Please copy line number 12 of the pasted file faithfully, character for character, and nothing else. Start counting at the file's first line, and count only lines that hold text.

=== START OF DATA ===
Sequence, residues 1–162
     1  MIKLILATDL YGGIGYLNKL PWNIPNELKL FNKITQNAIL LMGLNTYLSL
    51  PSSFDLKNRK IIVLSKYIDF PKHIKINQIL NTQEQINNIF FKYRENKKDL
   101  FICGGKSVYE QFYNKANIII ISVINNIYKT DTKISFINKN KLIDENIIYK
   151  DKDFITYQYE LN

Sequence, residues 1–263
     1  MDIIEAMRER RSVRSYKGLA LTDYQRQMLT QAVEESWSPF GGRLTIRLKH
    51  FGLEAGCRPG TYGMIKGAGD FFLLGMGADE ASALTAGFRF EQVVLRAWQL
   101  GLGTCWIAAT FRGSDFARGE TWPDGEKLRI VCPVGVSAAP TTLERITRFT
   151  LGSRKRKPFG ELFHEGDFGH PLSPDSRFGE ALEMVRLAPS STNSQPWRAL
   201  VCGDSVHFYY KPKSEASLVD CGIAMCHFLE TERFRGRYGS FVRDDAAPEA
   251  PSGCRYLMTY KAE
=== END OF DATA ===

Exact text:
   251  PSGCRYLMTY KAE